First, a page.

Steve McQueen stars in this 1958 horror classic about ravenous slime bent on consuming the planet. Of all the things that escaped the 1950s to resonate through the history of pop culture, this film’s legacy is one of the most potent. You don’t even have to have seen it to buy into it. You just have to be willing to tap into that childlike mental state that suggests the floor is lava, there are monsters under the bed, and amorphous gelatin from outer space is gonna find you and eat you the fuck up. BOBBY ROBERTS Academy Theater.
The Bye Bye Man
A PG-13 horror movie released in January, with a press screening after the Mercury's deadline. Draw your own conclusions. Various Theaters.
Friday the 13th Double Feature
Every time the 13th day of any month lands on a Friday, people’s thoughts turn to Jason, that charming murderer of oversexed ’80s teens. This Friday is just such a Friday, and the Hollywood wants to scratch that killing itch with back-to-back 35mm screenings of the first two films in the looooooooooong-running slasher series—neither of which are much like the Jason movies you probably have in your head. Friday the 13th Part 2 features Jason rocking a burlap sack and a jaunty jog when chasing camp counselors, and he’s only in the original Friday the 13th for maybe about 20 seconds. But: Young Kevin Bacon gets his shit wrecked with something pointy, so there’s that. BOBBY ROBERTS Hollywood Theatre.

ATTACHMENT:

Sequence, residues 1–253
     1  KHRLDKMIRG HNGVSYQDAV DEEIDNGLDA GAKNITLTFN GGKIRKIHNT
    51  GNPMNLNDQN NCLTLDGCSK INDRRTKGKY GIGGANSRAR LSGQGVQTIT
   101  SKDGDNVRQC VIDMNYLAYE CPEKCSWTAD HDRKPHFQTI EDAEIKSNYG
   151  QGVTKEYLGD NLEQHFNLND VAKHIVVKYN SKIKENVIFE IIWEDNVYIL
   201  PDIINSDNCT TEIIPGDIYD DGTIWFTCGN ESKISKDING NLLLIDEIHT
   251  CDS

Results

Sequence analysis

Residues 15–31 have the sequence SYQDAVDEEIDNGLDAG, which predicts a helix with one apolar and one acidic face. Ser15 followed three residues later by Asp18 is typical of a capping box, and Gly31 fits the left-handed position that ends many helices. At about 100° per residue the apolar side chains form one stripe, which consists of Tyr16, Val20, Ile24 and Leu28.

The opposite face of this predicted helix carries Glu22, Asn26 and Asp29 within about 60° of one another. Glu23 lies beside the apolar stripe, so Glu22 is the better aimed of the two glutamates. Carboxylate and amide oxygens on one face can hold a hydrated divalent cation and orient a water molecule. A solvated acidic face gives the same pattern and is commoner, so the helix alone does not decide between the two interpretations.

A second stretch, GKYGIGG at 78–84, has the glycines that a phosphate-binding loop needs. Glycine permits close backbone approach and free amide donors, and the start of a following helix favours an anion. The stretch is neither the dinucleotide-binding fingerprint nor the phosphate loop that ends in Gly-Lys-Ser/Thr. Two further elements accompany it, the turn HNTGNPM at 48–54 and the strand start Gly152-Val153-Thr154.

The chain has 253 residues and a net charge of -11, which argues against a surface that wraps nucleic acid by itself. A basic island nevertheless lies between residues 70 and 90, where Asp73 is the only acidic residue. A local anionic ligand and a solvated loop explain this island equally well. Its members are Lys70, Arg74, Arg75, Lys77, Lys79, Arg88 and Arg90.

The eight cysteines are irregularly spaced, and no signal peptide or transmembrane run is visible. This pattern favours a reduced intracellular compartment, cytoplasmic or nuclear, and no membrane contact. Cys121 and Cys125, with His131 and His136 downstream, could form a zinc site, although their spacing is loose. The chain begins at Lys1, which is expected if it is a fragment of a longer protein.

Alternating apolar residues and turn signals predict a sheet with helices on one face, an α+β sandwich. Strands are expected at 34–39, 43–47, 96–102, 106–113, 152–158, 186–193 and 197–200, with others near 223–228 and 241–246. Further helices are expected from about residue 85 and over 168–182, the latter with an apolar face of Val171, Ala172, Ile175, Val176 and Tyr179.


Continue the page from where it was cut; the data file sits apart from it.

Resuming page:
King: A Filmed Record—From Montgomery to Memphis
A digital restoration of Sidney Lumet and Joseph L. Mankiewicz’s 1970 documentary, using testimonials from well-known supporters (including James Earl Jones, Ruby Dee, and Paul Newman) to supplement the mountain of archival footage tracing the man’s arc from regional activist in the ’50s to leader of the Civil Rights movement in 1968. Hollywood Theatre.
“See, it’s called Monster Trucks because not only is it about a monster truck, but there’s a monster in the truck! Get it! It’s a ‘monster truck!’ Ha! Yeah, I thought it was pretty clever, t—wait. Wait. I get to write a Star Wars movie now? Really? Oh shit, Episode IX? Who’s directing it? Oh, the guy who ended Jurassic World by having Bryce Dallas Howard in heels outrun a T-rex? How could any of this possibly go wrong? And to think it all started right here, with my genius screenplay for Monster Trucks, a movie about a monster in a truck!” —Derek Connolly, screenwriter, Monster Trucks. Various Theaters.
The latest based-on-a-true-story thriller from Peter Berg and Mark Wahlberg is about the 2013 Boston Marathon bombings, and, in the proud tradition of Underworld: Blood Wars, is the second film of 2017 to not be screened for critics. Various Theaters.
Queer Commons: Summer Storm
This month’s installment of the Hollywood’s queer-focused series is Summer Storm, about a pair of best friends on the school rowing team who spend a summer on the cusp of an important realization for the both of them. Hollywood Theatre.
Rebellion & Revolution: The Battle of Algiers
Where’s the line? When a reality TV villain wins the presidency, and news reads like dystopian science fiction, the line between fiction and reality gets blurry. And when—and if—we manage to unplug, entertainment gets dicey: Is it okay to enjoy HBO’s soap operas while the world goes to shit? Where’s the line between letting ourselves engage with art and forcing ourselves to pay attention to the real world? The truth, of course, is that there is no line—art feeds on reality, and reality is affected by art. Which brings us to the Hollywood Theatre’s timely film series Rebellion & Revolution: Insurgent Cinema. This week: The 1966 Italian neorealist saga The Battle of Algiers. ERIK HENRIKSEN Hollywood Theatre.